PRE-TREATMENT (During Active Addiction)

In the midst of a crisis, a concerned family member (or desperate addicted individual) frantically seeks a solution to the addiction nightmare (be it heroin addiction, alcoholism, prescription drug addiction, or a dual diagnosis condition).  This may mean calling the family physician, counselor, friend known to be ‘in recovery,’ or scouring the Internet.  Whether the first attempt at addiction treatment, or the tenth, the goal tends to be centered on finding ‘the best addiction treatment facility or hospital’.  Some families even have the foresight, or guidance, to engage an Interventionist, to assist a resistant addicted loved one to accept help.  However, selecting the type of treatment, and specific facility, from the thousands of options is largely left up to the family in crisis.


There are various levels and types of treatment.  While addiction treatment tends to be lumped together into one category and simply referred to as "treatment", the quality of care delivered by treatment facilities can vastly differ. The typical duration of services for chemical dependency is roughly 30-days in length and delivered via some form of outpatient services (some private pay residential programs offer 90-day programming).  Most programs will offer some type of services for the family—ranging from 1-2 hours per week to a 3-4 day Family Program, typically offered at top-tier residential facilities.


Discharge, even for many exclusive residential treatment facilities occurs around 30-days post-admission.  The newly recovering person usually then returns home, or moves to a Sober Living facility.  Aftercare services such as counseling or sessions with a psychiatrist (if deemed appropriate) are commonplace, however, the onus is placed on attending 12-Step meetings as the solution.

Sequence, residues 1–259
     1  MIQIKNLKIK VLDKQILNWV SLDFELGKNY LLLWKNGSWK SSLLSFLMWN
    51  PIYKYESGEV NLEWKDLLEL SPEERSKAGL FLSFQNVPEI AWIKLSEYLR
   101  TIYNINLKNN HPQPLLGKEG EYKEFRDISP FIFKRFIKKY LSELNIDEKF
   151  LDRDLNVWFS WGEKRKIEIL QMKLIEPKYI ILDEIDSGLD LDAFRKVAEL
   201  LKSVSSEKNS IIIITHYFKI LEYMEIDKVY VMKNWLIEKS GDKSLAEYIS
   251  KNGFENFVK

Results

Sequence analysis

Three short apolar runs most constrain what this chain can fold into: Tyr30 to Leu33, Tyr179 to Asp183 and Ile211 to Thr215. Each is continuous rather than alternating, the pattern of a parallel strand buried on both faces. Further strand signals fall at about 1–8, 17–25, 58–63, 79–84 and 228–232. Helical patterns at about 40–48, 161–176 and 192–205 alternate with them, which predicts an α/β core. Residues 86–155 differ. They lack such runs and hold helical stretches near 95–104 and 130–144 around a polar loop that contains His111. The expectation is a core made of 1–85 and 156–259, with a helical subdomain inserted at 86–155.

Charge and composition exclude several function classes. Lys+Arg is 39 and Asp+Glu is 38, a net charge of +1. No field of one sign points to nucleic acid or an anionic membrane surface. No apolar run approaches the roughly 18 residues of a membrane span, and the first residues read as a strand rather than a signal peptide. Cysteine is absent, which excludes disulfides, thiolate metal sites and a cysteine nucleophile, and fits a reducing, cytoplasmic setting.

You don’t treat a chronic illness for four weeks and then send the patient to a support group.
— Dr. Mark Willenbring, Former Director of Treatment and Recovery Research at the National Institute for Alcohol Abuse and Alcoholism

There is a Solution

To build and implement a success story where an addicted loved one and their concerned family and loved ones overcome addiction and the several gaps in today's current approach, the following key points must be included:

  • Guidance, support and objective advocacy
  • An individualized plan
  • A long-term solution
  • An Intervention
  • Help for the entire family

Trying to deal with the emotional swings that accompany active addiction make it difficult to simply navigate the day.  Researching, assembling, and executing a complex plan, and sourcing the resources to implement the changes needed to attain long-term recovery, is simply unrealistic.  This is a misleading, confusing, and frustrating proposition for even trained professionals to manage for their own family; they would lack the needed objectivity even if they had the expertise.  

Addiction is a primary, chronic disease of brain reward, motivation, memory and related circuitry.
— American Society of Addiction Medicine

Addiction is a chronic condition, so a long-term execution of customized multi-disciplinary resources is needed for resolution.  Based on specific needs, a plan is needed for the addicted person, concerned loved ones, and the family as a whole. 

A common misperception exists that a family must wait for a loved one, suffering from addiction, to “hit a bottom” to recover.  A sudden and sustained contrite positive attitude, with the desire to do whatever it takes to change, can be a deadly unrealistic expectation of an addict. Thus, an Intervention may be needed to gain recovery acceptance and "lift the bottom" for the addict or alcoholic.

As addiction affects the entire family, it is important to involve the entire family to facilitate change.  A lasting solution requires an integrated plan for the addicted person and their loved ones.  The family needs to recover - not just the addict or alcoholic.

There is finally a solution to overcome addiction and find lasting recovery.  As a complement to the acute treatment approach, The Plahn Method solves for these issues by leveraging a fully customized program that works for the entire family - for the long-term.